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From Middle English *gloom, *glom, from Old English glōm (gloaming, twilight, darkness), from Proto-West Germanic *glōm, from Proto-Germanic *glōmaz (gleam, shimmer, sheen), from Proto-Indo-European *ǵʰley- (to gleam, shimmer, glow). The English word is cognate with Norwegian glom (transparent membrane), Scots gloam (twilight; faint light; dull gleam).



gloom (usually uncountable, plural glooms)

  1. Darkness, dimness, or obscurity.
    the gloom of a forest, or of midnight
    • 1898, J. Meade Falkner, chapter 4, in Moonfleet, London, Toronto, Ont.: Jonathan Cape, published 1934:
      Here was a surprise, and a sad one for me, for I perceived that I had slept away a day, and that the sun was setting for another night. And yet it mattered little, for night or daytime there was no light to help me in this horrible place; and though my eyes had grown accustomed to the gloom, I could make out nothing to show me where to work.
    • 2022 January 12, “News in pictures: Repatriated '66s' return home”, in RAIL, number 948, page 20:
      On December 13, Maritime-liveried 66051 powers out of the early morning gloom with three repatriated Class 66s, on the 0809 Dollands Moor Sidings-Scunthorpe Redbourne Siding.
  2. A depressing, despondent, or melancholic atmosphere.
    • 1855, Robert Browning, “‘Childe Roland to the Dark Tower Came.’”, in Men and Women [], volume I, London: Chapman and Hall, [], →OCLC, stanza 19, page 142:
      A sudden little river crossed my path / As unexpected as a serpent comes. / No sluggish tide congenial to the glooms— / This, as it frothed by, might have been a bath / For the fiend's glowing hoof—to see the wrath / Of its black eddy bespate with flakes and spumes.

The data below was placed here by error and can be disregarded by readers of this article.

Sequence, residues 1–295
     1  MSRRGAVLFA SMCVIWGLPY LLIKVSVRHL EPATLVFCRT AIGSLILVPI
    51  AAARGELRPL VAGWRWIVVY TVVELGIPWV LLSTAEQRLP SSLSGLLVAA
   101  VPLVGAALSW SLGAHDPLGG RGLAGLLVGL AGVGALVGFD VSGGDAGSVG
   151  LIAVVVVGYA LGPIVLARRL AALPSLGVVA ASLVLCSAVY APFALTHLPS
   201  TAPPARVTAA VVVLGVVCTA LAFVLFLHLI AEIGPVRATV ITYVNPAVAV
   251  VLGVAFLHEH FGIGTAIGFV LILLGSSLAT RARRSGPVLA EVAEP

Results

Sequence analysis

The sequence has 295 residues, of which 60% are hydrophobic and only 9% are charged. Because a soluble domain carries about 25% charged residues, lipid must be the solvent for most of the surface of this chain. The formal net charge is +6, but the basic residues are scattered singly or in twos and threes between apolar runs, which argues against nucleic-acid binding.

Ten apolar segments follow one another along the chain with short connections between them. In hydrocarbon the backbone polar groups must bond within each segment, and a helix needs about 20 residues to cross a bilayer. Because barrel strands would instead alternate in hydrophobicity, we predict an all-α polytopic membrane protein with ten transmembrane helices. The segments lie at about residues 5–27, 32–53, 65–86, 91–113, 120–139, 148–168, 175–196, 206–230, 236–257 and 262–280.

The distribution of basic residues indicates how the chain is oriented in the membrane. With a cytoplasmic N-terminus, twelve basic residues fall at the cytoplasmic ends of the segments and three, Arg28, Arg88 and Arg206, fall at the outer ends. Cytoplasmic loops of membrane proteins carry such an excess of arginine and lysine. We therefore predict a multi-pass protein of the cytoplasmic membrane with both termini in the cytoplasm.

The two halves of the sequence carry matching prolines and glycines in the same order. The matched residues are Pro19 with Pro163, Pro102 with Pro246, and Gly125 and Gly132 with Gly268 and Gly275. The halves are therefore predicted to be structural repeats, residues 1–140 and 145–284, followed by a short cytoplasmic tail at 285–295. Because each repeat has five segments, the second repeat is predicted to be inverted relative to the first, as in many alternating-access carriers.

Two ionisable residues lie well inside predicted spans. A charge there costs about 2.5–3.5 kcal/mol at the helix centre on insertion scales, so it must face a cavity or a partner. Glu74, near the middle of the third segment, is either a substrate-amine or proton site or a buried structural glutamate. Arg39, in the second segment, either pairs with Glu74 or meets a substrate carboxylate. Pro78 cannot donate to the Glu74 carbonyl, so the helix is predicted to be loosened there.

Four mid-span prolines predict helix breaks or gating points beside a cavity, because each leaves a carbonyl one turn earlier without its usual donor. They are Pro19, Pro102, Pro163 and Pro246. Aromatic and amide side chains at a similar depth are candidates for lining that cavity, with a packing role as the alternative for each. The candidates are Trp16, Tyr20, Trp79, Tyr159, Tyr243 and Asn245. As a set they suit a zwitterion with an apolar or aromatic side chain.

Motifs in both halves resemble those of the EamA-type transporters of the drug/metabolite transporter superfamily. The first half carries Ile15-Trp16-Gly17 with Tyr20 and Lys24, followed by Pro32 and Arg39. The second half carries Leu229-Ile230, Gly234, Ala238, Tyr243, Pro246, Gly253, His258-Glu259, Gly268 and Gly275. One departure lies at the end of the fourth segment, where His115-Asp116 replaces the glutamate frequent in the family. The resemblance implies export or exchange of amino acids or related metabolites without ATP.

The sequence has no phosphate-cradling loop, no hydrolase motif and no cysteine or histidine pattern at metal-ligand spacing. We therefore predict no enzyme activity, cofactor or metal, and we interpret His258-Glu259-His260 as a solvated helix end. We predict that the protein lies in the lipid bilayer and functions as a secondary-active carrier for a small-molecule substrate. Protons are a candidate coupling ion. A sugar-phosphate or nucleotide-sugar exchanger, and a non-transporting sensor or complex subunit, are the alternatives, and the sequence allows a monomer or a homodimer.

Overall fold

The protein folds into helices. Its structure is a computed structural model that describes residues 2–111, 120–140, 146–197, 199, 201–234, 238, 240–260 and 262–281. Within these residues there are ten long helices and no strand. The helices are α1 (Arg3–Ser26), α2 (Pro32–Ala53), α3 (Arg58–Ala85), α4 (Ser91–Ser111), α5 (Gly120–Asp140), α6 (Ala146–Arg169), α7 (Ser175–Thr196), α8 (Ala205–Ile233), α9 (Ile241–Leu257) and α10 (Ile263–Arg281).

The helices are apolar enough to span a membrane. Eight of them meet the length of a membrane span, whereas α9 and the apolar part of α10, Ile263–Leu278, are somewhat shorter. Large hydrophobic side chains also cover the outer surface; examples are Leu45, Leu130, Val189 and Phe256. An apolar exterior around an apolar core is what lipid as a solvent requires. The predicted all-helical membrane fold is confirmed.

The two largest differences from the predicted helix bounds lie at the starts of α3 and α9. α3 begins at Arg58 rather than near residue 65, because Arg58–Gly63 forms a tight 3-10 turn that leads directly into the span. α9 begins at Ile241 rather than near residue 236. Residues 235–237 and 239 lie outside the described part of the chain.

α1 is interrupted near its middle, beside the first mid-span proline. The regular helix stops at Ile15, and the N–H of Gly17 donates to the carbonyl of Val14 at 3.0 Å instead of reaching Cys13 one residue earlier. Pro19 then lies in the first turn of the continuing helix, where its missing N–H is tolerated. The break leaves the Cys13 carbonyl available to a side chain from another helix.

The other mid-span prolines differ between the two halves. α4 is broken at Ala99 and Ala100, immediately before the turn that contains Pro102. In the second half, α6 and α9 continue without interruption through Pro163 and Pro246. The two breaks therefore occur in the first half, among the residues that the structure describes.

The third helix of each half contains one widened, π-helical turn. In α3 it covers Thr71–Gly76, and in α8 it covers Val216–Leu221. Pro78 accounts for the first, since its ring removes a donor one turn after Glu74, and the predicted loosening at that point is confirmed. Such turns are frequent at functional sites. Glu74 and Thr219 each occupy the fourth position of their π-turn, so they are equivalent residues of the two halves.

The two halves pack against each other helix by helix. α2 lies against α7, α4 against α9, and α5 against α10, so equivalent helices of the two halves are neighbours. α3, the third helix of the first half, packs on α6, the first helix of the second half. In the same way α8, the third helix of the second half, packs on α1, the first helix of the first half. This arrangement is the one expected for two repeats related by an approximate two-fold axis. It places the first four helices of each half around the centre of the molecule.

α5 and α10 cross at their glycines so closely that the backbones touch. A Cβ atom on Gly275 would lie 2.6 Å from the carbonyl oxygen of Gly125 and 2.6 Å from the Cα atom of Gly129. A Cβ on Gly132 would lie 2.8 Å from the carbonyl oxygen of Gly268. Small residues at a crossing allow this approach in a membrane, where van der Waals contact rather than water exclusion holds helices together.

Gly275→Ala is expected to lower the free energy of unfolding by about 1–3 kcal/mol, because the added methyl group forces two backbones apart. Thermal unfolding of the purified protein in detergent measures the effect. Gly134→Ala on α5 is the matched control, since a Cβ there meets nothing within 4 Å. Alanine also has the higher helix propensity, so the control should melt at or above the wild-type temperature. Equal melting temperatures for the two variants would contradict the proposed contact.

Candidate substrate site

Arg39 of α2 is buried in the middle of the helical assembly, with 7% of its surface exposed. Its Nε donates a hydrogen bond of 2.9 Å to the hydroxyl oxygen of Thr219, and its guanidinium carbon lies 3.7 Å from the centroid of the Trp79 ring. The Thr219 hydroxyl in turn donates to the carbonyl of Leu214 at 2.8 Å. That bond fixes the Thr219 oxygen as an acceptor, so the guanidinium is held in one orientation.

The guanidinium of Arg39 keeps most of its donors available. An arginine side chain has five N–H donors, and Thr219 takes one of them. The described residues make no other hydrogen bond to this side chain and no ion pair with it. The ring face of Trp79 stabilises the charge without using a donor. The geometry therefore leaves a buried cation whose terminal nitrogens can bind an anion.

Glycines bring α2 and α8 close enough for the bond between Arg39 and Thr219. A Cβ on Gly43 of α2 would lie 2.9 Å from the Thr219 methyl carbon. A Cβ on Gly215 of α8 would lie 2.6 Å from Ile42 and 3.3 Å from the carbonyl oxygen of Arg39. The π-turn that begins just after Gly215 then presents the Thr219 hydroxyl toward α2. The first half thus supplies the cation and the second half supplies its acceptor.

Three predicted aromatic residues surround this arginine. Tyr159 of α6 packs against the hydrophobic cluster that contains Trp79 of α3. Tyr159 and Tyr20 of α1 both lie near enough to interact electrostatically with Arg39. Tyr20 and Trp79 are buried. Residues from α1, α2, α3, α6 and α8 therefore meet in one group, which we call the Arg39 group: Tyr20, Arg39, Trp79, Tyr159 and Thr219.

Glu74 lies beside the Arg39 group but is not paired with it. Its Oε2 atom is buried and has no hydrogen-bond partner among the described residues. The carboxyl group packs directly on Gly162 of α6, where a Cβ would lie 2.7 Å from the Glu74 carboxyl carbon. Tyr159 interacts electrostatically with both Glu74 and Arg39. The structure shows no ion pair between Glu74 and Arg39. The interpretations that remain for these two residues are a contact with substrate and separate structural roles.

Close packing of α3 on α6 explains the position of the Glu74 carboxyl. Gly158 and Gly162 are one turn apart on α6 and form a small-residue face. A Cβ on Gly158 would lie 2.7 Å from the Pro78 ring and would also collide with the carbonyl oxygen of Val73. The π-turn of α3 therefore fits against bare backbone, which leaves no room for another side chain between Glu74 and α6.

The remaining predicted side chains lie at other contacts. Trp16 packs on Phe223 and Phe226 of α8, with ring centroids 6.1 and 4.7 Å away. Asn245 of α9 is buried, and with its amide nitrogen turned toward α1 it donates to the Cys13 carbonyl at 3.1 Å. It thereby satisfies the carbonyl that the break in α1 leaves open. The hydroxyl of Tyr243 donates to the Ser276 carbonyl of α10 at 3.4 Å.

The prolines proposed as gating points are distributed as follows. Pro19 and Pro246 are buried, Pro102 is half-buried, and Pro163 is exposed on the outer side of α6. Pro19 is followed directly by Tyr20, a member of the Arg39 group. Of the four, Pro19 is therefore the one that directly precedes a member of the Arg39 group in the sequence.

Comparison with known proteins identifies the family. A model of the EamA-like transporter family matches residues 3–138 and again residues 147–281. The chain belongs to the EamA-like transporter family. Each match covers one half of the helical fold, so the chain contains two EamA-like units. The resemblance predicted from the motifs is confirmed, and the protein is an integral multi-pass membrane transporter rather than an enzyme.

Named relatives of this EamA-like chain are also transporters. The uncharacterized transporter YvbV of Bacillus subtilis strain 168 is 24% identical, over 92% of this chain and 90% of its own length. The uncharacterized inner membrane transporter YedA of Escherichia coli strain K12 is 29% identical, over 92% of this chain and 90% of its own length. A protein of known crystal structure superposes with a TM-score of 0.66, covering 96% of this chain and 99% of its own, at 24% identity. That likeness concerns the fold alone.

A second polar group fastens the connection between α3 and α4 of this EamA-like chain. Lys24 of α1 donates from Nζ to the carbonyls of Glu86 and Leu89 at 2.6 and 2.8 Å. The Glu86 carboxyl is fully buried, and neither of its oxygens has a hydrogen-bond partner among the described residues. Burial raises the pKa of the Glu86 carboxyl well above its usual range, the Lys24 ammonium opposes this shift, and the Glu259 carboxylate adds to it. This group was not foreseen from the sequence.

• 1956, “Heartbreak Hotel”, Mae Boren Axton, Tommy Durden, Elvis Presley (lyrics), performed by Elvis Presley:
      Although it's always crowded
      You still can find some room
      For broken-hearted lovers
      To cry there in their gloom.
  3. Cloudiness or heaviness of mind; melancholy; aspect of sorrow; low spirits; dullness.
    • 1770, Edmund Burke, Thoughts on the Cause of the Present Discontents:
      A sullen gloom and furious disorder prevailed by fits.
  4. A drying oven used in gunpowder manufacture.

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gloom (third-person singular simple present glooms, present participle glooming, simple past and past participle gloomed)

  1. (intransitive) To be dark or gloomy.
    • 1770, [Oliver] Goldsmith, The Deserted Village, a Poem, London: [] W. Griffin, [], →OCLC, page 17:
      Here, while the proud their long drawn pomps diſplay, / There the black gibbet glooms beſide the way.
    • 1891, Mary Noailles Murfree, In the "Stranger People's" Country, Nebraska, published 2005, page 189:
      Around all the dark forest gloomed.
  2. (intransitive) To look or feel sad, sullen or despondent.
    • 1882, W. Marshall, Strange Chapman, volume 2, page 170:
      Her face gathers, furrows, glooms; arching eyebrows wrinkle into horizontals, and a tinge of bitterness unsmooths the cheek and robs the lip of sweetened grace. She is evidently perturbed.
    • a. 1930, D. H. Lawrence, The Lovely Lady:
      Ciss was a big, dark-complexioned, pug-faced young woman who seemed to be glooming about something.
    • 1904 November 10, Henry James, chapter XVI, in The Golden Bowl, volume I, New York, N.Y.: Charles Scribner’s Sons, →OCLC, book first (The Prince), part third, page 283:
      "Is Maggie then astonishing too?"—and he gloomed out of his window.
    • 1930, Norman Lindsay, Redheap, Sydney, N.S.W.: Ure Smith, published 1965, →OCLC, page 85:
      He gloomed for some moments above the round-topped table[.]
  3. (transitive) To render gloomy or dark; to obscure; to darken.
  4. (transitive) To fill with gloom; to make sad, dismal, or sullen.
  5. To shine or appear obscurely or imperfectly; to glimmer.